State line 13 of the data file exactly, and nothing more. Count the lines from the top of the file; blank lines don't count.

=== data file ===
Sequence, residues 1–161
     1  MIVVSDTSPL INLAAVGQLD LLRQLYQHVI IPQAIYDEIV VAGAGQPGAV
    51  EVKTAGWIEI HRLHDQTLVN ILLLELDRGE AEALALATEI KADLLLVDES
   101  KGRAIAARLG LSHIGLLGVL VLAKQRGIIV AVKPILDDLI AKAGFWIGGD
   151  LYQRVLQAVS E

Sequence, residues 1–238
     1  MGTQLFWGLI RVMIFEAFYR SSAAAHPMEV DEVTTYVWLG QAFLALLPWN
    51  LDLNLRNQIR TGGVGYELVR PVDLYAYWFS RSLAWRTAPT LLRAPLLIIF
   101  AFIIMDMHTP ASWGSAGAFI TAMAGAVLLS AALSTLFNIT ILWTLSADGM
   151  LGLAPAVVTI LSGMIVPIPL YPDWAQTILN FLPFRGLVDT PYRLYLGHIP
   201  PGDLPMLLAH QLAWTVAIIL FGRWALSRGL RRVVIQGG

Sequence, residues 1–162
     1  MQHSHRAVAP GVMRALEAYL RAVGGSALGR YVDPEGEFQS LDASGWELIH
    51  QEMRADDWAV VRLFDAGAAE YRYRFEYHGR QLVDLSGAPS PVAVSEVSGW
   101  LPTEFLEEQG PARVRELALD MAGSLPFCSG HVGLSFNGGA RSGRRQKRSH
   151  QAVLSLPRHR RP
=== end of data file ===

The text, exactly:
     1  MQHSHRAVAP GVMRALEAYL RAVGGSALGR YVDPEGEFQS LDASGWELIH